Abstract: A man died of anaphylactic shock after trusting that an NAET-type treatment could fix his severe peanut allergy. A small study on 6 children tested NAET for eliminating peanut allergy and found no difference in blood markers, but somehow claimed success anyway. NAET still has fans, but positive results could certainly be from hypnosis-like reduction of stress and anxiety combined with other placebo effects. Muscle testing is disproven by science, NAET doesn’t apparently reduce real nut allergies, but does increase nuttiness, in my opinion.
I am moving and removing some old pages from my site. This article from over 6 years ago shows me that I haven’t changed as much as I thought I have in the past couple years. There are a couple items I’d phrase differently today, but I am reposting it as-is.
by Kevin O’Neil, L.Ac.
Making a decision regarding what type of healthcare service to use reveals the deepest belief systems a person has. The saying “would you bet your life on it?” is not an exaggeration when it comes to important medical decisions. There are numerous belief systems floating around the alternative medicine world, and many of them are not only unsupported by quality research, but have been discredited and found to cause more harm than good. As an acupuncturist/herbalist, I find it constantly necessary to sort through what I’ve been taught and what my patients tell me about what they believe. I’ve studied enough hypnosis and salesmanship that I could create many more “lifetime patients” than I do. But I’ve also studied enough scientific medicine to know that in many cases that would be unethical or even harmful. By sharing some of my discoveries and conclusions with you, I hope to help you sort through your own beliefs so you can make more informed decisions regarding your healthcare.
As a practitioner of Chinese Medicine, I’m clearly not one who waits for the AMA and FDA to give their full stamp of approval before using an alternative therapy. However, that doesn’t mean that I believe in every alternative therapy, or even agree with other acupuncturists about what diseases it’s appropriate to treat with acupuncture. When you’re dealing with a new medical practitioner, especially an alternative practitioner, you not only have to evaluate the efficacy of their therapeutic modalities, but their personality and motives. Continue reading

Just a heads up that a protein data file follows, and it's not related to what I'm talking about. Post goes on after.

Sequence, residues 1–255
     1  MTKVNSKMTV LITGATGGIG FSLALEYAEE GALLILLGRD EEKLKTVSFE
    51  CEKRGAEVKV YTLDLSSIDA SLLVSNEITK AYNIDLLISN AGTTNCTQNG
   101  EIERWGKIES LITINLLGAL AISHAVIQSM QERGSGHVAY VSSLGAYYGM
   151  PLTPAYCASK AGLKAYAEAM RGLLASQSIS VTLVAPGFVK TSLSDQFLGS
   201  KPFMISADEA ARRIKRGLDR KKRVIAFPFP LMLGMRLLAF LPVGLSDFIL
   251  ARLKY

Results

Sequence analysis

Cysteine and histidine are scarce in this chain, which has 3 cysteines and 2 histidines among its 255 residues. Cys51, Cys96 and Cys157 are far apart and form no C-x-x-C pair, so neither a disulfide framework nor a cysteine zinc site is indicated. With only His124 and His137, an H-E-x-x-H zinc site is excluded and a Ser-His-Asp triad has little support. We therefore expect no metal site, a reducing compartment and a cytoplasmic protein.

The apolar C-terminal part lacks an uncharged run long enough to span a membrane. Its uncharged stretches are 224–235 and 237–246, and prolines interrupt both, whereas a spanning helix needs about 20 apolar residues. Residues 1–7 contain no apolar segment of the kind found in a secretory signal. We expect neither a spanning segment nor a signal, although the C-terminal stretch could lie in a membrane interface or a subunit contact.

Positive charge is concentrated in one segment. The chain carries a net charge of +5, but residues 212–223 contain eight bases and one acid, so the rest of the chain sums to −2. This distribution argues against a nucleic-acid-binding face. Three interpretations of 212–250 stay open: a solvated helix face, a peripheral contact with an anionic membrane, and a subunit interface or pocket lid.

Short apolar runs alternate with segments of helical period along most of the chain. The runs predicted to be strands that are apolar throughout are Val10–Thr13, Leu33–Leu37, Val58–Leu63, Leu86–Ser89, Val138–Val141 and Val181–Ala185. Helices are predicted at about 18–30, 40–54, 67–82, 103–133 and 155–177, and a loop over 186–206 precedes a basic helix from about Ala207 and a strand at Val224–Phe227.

Amazon has been a fabulous consumer resource not just for products, but for reviews of those products. I like to read a few five star reviews and a few one star reviews of books that I’ve read or am interested in. Sometimes the one star reviews really open my eyes to problems with the theories and facts of a book.
I recently saw this Gender Maker Urine Test on Amazon. It’s a top seller, with a very high sales rank (#4260).
There have been many methods over the centuries to tell if a fetus is a boy or a girl. Most of them work 50% of the time. That is, they are completely random. I hear that there may be something to this new “ultrasound” technology, though it could be just another pseudoscientific gadget. Yes, that was sarcasm.
So this little urine test kit is flying out the door. This is despite the fact that the reviews reveal something very interesting:
Zen Bunny is halfway to Enlightenment! Or at least halfway to getting drunk on the street corner of the marketplace. Hey, that’s not cynicism, it’s foreshadowing…
Here is the whole series so far, followed by the links to the individual posts which have more background and commentary.
Many fans of Complementary and Alternative Medicine (CAM) see the American Medical Association (AMA) as an evil organization. Medical Doctors can voluntarily be members of the AMA, and now less than half of them are. AMA policies, however, do have an influence on the medical profession, especially where medical ethics are concerned. I am not saying that I’m a fan of all AMA policies and politics; I am not aware of them all. However, a huge issue for my business is supplement companies which actively disallow internet sales and/or insist on a Minimum Advertised Price (MAP or Vertical Price Fixing). Let’s review statements and reasoning on both sides of this fence and see if the grass is greener on one.
AMA Council on Ethical and Judicial Affairs (CEJA) Policy Statement On In-Office Sales